Natural Health

For a Healthier Brain, Sleep Like This

For a Healthier Brain, Sleep Like This about undefined
Did you know the position you sleep in may have a significant effect on how well your brain cleans itself out at night, and thereby protects your neurological health? We’ve talked in these pages about how removing excess waste products in your brain is critical for health. When this doesn’t happen, waste buildup can contribute to neurologic diseases such as Alzheimer’s and Parkinson’s. This process mostly occurs while you sleep. Researchers say, depending on your sleep position, more (or less) of these waste products are eliminated. And if this posture isn’t your normal ‘go to sleep position,’ maybe it’s worth training your body to learn to love it.

Your Brain is Like a Fish Tank Filter

While you sleep, your brain is working hard. It’s cleaning out the waste it collects during the day by rinsing it into your glymphatic system.1 It’s similar to how a filter works in a fish tank – by removing the sludge and slime before it has time to build up and stick to the walls of the tank and kill the fish. Excessive buildup of this waste – consisting mostly of beta-amyloid and tau proteins -- is harmful to the brain and is associated with Alzheimer’s disease. However, during sleep this debris is washed away as large amounts of cerebrospinal fluid (CSF) flood the brain.2 The CSF flooding only occurs during unconsciousness because that’s when the fluid-filled spaces around the brain cells, called interstitial spaces, expand in size by up to 60 percent to allow this ‘washing’ to take place.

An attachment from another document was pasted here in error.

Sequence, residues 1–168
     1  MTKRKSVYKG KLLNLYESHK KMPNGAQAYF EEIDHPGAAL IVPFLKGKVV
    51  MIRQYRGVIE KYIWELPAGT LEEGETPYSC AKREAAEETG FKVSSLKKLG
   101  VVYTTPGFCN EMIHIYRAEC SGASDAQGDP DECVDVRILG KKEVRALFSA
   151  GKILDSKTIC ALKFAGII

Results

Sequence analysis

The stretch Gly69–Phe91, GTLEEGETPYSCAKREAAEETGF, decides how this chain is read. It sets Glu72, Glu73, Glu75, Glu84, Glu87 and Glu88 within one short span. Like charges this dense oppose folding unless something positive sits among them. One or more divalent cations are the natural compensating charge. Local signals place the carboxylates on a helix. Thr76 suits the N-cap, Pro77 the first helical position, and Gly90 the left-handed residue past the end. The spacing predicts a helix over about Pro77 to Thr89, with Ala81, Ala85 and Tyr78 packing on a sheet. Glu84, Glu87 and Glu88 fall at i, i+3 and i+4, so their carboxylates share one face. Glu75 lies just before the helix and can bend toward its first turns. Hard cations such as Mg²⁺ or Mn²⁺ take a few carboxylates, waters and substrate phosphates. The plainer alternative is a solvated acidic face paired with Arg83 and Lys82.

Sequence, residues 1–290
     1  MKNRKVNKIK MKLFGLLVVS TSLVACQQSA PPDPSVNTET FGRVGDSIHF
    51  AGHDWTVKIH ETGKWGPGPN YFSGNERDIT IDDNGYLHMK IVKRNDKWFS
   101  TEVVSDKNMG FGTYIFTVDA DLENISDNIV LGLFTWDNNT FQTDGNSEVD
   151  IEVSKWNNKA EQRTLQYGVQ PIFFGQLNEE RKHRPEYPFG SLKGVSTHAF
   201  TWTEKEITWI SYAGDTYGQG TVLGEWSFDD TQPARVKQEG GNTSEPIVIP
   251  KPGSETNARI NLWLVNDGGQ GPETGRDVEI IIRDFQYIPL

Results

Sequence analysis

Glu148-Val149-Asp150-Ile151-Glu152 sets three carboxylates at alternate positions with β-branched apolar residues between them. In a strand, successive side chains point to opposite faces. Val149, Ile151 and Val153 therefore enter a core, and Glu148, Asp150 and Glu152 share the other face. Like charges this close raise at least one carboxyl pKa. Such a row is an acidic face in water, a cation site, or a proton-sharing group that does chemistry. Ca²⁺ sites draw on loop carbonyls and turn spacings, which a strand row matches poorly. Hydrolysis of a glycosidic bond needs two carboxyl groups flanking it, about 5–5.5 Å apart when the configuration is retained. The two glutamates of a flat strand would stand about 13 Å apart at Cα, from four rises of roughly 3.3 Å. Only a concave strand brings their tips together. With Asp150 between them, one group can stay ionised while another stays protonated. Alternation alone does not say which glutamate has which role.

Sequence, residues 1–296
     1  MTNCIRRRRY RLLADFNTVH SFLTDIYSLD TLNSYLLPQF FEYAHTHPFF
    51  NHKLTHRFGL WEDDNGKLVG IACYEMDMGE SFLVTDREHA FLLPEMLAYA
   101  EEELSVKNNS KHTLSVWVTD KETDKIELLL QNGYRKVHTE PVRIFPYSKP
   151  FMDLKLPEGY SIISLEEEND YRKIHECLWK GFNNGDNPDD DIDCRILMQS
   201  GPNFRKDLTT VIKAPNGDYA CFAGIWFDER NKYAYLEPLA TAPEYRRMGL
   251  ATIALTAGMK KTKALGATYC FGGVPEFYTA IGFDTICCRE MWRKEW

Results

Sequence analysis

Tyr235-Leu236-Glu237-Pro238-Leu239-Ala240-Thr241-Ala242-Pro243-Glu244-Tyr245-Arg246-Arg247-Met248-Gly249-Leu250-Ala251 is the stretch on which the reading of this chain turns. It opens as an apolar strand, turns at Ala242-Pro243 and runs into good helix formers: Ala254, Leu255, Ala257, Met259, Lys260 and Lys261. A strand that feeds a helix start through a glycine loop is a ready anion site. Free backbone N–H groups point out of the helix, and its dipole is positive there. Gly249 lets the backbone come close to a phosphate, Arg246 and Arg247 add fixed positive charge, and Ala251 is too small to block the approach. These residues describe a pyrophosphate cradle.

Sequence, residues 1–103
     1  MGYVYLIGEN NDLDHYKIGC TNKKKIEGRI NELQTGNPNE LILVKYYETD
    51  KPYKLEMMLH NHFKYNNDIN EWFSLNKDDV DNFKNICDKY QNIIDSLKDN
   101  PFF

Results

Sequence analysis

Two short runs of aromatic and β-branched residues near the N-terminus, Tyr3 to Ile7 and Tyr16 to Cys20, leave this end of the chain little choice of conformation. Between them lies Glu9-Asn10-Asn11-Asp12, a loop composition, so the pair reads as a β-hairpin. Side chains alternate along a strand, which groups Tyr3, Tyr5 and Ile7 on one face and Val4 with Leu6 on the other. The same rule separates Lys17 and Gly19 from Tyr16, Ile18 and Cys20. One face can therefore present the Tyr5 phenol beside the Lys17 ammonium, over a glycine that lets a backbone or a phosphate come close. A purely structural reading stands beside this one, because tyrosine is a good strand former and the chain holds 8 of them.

The Most Efficient Sleeping Position

A study performed at Stony Brook University in New York and published in The Journal of Neuroscience investigated how body posture during sleep affects brain waste removal in mice.3 The researchers used MRI scans to image the brains with the animals in all three sleeping positions – supine (lying on the back), prone (lying on the stomach) and lateral (lying on the side). (I didn’t know a mouse could sleep on its side, but let’s take the scientists’ word for it.) The results showed the waste washed away through the glymphatic system most efficiently when the mice were in the right lateral (side) position compared to the supine or prone positions. In fact, the brains of the animals in the lateral position cleaned out 77 percent and 66 percent better than those in the prone and supine positions. What’s more, the mice lying in the prone and supine positions retained 58 percent and 62 percent of the ‘sludge’ in their brains.4 “These findings will come as good news to most sleepers, since the lateral position is the most common sleeping position people use,” said the principal investigator, Helene Benveniste, a medical doctor and a professor at Stony Brook. While so far this testing has only been conducted on animals, the researchers speculate the same benefits of lateral (side) sleeping would apply to people, although they say further studies are needed to confirm this. Amen to that. The anatomies of mice and humans are so different I wouldn’t jump to a conclusion just yet. “Many types of dementia are linked to sleep disturbances, including difficulties in falling asleep,” said Maiken Nedergaard, a co-author of the research. Our finding brings new insight into this topic by showing it is also important what position you sleep in.”5 Prof. Nedergaard, of the University of Cophenhagen, is the woman who actually discovered the glymphatic system, the waste clearance system that is unique to the nervous system. I’m not sure I could adjust to sleeping on my side all night (I sleep that way part of the night, but I mostly sleep on my back). Yet this research suggests it might be worth a try.
  1. Glymphatic system may play key role in removing brain waste.
  2. Could body posture during sleep affect how your brain clears waste?
  3. The effect of body posture on brain glymphatic transport.
  4. The glymphatic system, sleep & other states of unconsciousness.
  5. Could body posture during sleep affect how your brain clears waste?

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